Alpha frequency entrainment reduces the effect of visual distractors

Alex I. Wiesman, Tony W. Wilson

Research output: Contribution to journalArticlepeer-review

16 Scopus citations


Numerous studies have linked alpha frequency (10 Hz) visual entrainment to the inhibition of incoming visual information. However, although these studies have provided key evidence for the intrinsic sensitivity of the human brain to incoming alpha frequency signals, they have only examined the negative impact of alpha entrainment on target stimuli. Thus, it remains uncertain whether the perception of distracting or nonimperative stimuli can also be affected by alpha frequency entrainment. In the current study, we address this question using an adapted version of the arrow-based Erikson “flanker” paradigm that incorporates stimuli flickering at two distinct frequencies: 10 Hz (alpha) and 30 Hz. By presenting flickering stimuli in the portions of the visual field where the flanking arrows would soon appear, we aimed to determine whether the frequency of visual entrainment (i.e., 10 Hz vs. 30 Hz) significantly interacted with the congruency of the flanking arrows (representing selective attention processing) using behavioral task performance and neural oscillations as the outcome metrics. Twenty-three healthy adult participants underwent magnetoencephalography during performance of the task. Our results indicated a reduced congruency effect (i.e., a smaller difference between congruent and incongruent trials) in the alpha flicker condition, as compared with the 30-Hz flicker condition, which suggests a robust relationship between alpha entrainment and the active inhibition of distractor stimuli appearing in that portion of the visual field. Supporting this, alpha frequency (but not 30 Hz) entrainment responses in the primary visual cortex also covaried significantly with the behavioral congruency effect.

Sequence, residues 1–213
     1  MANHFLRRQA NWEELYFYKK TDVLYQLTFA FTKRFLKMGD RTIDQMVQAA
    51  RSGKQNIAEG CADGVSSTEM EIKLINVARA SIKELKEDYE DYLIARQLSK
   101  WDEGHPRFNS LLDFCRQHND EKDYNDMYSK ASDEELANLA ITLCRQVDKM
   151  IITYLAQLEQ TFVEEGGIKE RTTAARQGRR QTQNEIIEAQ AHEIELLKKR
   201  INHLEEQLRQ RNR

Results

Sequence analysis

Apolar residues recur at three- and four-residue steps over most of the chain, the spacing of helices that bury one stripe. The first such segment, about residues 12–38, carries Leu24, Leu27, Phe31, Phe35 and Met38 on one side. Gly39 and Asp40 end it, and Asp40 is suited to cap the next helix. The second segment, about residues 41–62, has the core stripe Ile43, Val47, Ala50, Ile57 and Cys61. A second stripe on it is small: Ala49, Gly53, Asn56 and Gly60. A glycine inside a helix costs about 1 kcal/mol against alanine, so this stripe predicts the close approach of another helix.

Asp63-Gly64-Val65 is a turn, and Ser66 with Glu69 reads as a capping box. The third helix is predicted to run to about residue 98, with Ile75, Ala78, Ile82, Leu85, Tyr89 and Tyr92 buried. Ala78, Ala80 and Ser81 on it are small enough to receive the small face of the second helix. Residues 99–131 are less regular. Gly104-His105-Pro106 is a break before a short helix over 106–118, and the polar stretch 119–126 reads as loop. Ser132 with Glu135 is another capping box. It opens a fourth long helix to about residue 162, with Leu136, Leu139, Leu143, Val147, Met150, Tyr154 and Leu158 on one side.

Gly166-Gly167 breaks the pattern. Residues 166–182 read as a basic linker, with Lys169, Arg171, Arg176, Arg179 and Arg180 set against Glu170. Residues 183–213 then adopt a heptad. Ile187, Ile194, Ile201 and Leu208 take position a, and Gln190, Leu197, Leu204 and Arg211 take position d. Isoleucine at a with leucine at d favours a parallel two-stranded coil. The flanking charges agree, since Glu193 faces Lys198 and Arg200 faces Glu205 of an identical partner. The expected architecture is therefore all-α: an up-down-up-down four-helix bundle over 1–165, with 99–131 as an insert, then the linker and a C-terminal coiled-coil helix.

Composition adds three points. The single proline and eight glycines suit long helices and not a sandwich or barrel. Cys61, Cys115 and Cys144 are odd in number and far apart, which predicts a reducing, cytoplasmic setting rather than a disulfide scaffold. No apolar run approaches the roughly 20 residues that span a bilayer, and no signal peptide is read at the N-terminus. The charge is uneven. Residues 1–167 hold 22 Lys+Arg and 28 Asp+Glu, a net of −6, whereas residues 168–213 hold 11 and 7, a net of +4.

Original languageEnglish (US)
Pages (from-to)1392-1403
Number of pages12
JournalJournal of Cognitive Neuroscience
Issue number9
StatePublished - 2018

ASJC Scopus subject areas

  • Cognitive Neuroscience


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